Book Reviews | Gordon Campbell | Scoop News | Wellington Scoop | Community Scoop | Search

 

CrimTrac - technology to fight crime

Wednesday 21 July 1999

Minister for Justice and Customs, Senator Amanda Vanstone, today released the tender for CrimTrac, a state of the art national crime investigation system which will help police catch and prosecute more criminals.

"The Federal Government has committed $50 million to establish CrimTrac, to give Australia's police services the capacity to use leading edge technology to fight crime," Senator Vanstone said.

"CrimTrac will move Australian policing into the 21st century.

"Through CrimTrac, police will be able to identify suspects earlier and clear innocent people faster. Police will be able to arrest offenders more quickly and identify repeat offenders more easily. CrimTrac will also allow police to clear some unsolved crimes, including serious crimes dating back years.

"CrimTrac is an information system that will give police speedy access to operational information such as Domestic Violence Orders, criminal records and missing persons information.

"CrimTrac includes a new automated fingerprint identification system, a new national DNA database, and a new national child sex offender register.

"Australia's current fingerprint system has been in place since 1986, and will run out of capacity in 2001. It relies on printers ink technology scarcely changed in one hundred years.

"CrimTrac's new fingerprint system will support 'livescan,' an inkless process that uses electronic and laser technology to produce clear, undistorted fingerprint records which can then be entered into the national database.

"The DNA database will help Australia's police services make best use of the greatest breakthrough in police investigation techniques since the development of fingerprint science in the nineteenth century.

"CrimTrac will also include a national Child Sex Offender register, so that police around the country are able to protect children at risk.

"CrimTrac will mean that police officers in the smallest outback town or the heart of a capital city can get fast access to the information they need to fight crime, wherever it occurs.

"The Federal Government will ensure high levels of security for information accessed through CrimTrac, for people working on the system and for officers using it.

"CrimTrac's operations will be subject to a comprehensive range of legal and technical safeguards to guard the security of data and to protect the privacy of individuals.

"I am delighted to say that this Federal Government initiative has the support of all the States and Territories. We are working closely with all Australian police services to make sure that CrimTrac's design meets their needs.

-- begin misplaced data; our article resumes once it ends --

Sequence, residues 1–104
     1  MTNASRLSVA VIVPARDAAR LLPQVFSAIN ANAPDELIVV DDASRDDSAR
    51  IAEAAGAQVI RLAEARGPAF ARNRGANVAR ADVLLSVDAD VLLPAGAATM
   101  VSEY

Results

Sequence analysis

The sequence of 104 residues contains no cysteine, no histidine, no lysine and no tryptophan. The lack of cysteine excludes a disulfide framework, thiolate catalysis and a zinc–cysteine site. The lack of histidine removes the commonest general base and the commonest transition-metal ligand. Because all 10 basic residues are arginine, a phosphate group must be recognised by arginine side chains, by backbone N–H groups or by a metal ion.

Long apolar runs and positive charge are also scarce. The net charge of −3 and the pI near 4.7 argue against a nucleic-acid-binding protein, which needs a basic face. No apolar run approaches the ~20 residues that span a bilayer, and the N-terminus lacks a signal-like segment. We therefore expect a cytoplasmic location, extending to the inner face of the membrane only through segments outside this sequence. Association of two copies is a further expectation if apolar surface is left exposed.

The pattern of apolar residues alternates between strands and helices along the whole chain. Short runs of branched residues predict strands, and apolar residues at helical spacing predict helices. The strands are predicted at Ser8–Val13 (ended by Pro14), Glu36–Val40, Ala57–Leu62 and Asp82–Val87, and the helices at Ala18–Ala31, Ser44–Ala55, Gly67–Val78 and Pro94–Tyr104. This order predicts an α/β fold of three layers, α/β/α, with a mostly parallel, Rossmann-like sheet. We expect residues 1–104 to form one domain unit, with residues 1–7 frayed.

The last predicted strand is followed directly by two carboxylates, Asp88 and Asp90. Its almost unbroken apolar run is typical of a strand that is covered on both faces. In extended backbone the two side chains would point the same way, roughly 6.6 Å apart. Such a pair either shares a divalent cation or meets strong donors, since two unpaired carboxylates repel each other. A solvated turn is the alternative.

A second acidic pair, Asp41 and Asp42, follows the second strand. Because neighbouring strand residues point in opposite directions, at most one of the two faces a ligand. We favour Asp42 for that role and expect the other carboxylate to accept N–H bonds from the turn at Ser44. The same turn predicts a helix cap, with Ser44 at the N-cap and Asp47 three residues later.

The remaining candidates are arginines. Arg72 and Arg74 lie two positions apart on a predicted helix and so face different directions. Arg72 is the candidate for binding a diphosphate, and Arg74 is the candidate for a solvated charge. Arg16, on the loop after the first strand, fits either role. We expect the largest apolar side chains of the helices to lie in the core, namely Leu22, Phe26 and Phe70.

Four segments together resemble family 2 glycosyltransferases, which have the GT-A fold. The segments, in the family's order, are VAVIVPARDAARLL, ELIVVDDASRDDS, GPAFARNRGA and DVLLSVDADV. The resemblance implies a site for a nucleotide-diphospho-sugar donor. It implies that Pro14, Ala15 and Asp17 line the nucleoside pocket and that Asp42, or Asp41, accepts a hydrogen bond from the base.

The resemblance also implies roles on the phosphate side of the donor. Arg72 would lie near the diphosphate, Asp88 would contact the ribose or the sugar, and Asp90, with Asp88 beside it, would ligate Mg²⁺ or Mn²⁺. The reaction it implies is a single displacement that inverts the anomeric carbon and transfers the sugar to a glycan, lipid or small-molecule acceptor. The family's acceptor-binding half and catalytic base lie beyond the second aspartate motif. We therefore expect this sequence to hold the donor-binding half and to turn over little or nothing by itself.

"The Government has consulted closely with industry on the development of CrimTrac and will look to industry for innovative solutions to the CrimTrac tender.

© Scoop Media

 
 
 
World Headlines

 

Gordon Campbell: Is This Guy The World’s Most Dangerous Thirtysomething?

Saudi Arabia has long been regarded as a pillar of stability in the Middle East, and is the essential caterer to the West’s fossil fuel needs. It is also the country that gave us Osama Bin Laden, al Qaeda, and 15 of the 19 terrorists who carried out the 9/11 attacks... More>>

ALSO:

Non-Binding Postal Vote: Australia Says Yes To Same Sex Marriage

Binoy Kampmark: Out of 150 federal seats, 133 registered affirmative totals in returning their response to the question “Should the law be changed to allow same-sex couples to marry?”. More>>

ALSO:

Bonn Climate Change Conference: Protecting Health In Small Island States

The vision is that, by 2030, all Small Island Developing States will have health systems that are resilient to climate change and countries around the world will be reducing their carbon emissions both to protect the most vulnerable from climate risks and deliver large health benefits in carbon-emitting countries. More>>

ALSO:

Camp Shut Down: Refugees Must Be Rescued From Manus

On 31st October 2017, the detention centre on Manus Island in which the Australian Government has been holding more than 700 refugees was closed, leaving those living there in a desperate situation. More>>

ALSO:

EARLIER:

Rohingya Muslims Massacred: Restrictions On Aid Put 1000s At Risk

Amnesty: The Myanmar authorities’ restrictions on international aid in Rakhine state is putting tens of thousands of lives at risk in a region where mainly Rohingya people are already suffering horrific abuses from a disproportionate military campaign. More>>

ALSO:

 
 
 
 
 
 
  • Pacific.Scoop
  • Cafe Pacific
  • PMC